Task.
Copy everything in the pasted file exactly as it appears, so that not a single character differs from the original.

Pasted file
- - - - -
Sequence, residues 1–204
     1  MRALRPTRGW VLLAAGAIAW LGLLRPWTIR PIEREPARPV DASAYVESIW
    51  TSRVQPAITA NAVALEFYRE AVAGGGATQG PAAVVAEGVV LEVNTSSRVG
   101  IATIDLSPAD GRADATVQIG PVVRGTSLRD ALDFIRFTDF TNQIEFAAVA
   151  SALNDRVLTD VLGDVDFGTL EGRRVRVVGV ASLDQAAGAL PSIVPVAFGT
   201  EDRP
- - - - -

Sequence, residues 1–204
     1  MRALRPTRGW VLLAAGAIAW LGLLRPWTIR PIEREPARPV DASAYVESIW
    51  TSRVQPAITA NAVALEFYRE AVAGGGATQG PAAVVAEGVV LEVNTSSRVG
   101  IATIDLSPAD GRADATVQIG PVVRGTSLRD ALDFIRFTDF TNQIEFAAVA
   151  SALNDRVLTD VLGDVDFGTL EGRRVRVVGV ASLDQAAGAL PSIVPVAFGT
   201  EDRP